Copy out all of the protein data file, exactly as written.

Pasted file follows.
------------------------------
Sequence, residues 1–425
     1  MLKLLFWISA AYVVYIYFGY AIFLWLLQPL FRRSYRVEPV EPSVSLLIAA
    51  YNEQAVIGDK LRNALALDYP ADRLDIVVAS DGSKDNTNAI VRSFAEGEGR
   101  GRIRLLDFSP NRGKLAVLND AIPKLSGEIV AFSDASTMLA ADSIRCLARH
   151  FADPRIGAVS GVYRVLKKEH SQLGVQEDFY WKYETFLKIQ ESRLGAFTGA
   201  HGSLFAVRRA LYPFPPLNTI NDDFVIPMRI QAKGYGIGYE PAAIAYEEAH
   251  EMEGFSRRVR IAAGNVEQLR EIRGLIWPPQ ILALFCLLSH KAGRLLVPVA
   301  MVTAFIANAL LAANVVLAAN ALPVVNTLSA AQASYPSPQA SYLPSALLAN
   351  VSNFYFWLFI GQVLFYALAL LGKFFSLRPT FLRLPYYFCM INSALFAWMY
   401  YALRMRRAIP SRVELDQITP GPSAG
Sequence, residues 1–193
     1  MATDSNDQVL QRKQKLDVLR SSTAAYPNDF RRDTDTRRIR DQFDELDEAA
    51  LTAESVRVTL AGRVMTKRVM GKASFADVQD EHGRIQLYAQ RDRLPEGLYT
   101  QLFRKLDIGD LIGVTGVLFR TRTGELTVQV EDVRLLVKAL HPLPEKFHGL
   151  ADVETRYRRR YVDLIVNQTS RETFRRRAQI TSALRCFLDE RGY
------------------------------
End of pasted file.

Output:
Sequence, residues 1–425
     1  MLKLLFWISA AYVVYIYFGY AIFLWLLQPL FRRSYRVEPV EPSVSLLIAA
    51  YNEQAVIGDK LRNALALDYP ADRLDIVVAS DGSKDNTNAI VRSFAEGEGR
   101  GRIRLLDFSP NRGKLAVLND AIPKLSGEIV AFSDASTMLA ADSIRCLARH
   151  FADPRIGAVS GVYRVLKKEH SQLGVQEDFY WKYETFLKIQ ESRLGAFTGA
   201  HGSLFAVRRA LYPFPPLNTI NDDFVIPMRI QAKGYGIGYE PAAIAYEEAH
   251  EMEGFSRRVR IAAGNVEQLR EIRGLIWPPQ ILALFCLLSH KAGRLLVPVA
   301  MVTAFIANAL LAANVVLAAN ALPVVNTLSA AQASYPSPQA SYLPSALLAN
   351  VSNFYFWLFI GQVLFYALAL LGKFFSLRPT FLRLPYYFCM INSALFAWMY
   401  YALRMRRAIP SRVELDQITP GPSAG
Sequence, residues 1–193
     1  MATDSNDQVL QRKQKLDVLR SSTAAYPNDF RRDTDTRRIR DQFDELDEAA
    51  LTAESVRVTL AGRVMTKRVM GKASFADVQD EHGRIQLYAQ RDRLPEGLYT
   101  QLFRKLDIGD LIGVTGVLFR TRTGELTVQV EDVRLLVKAL HPLPEKFHGL
   151  ADVETRYRRR YVDLIVNQTS RETFRRRAQI TSALRCFLDE RGY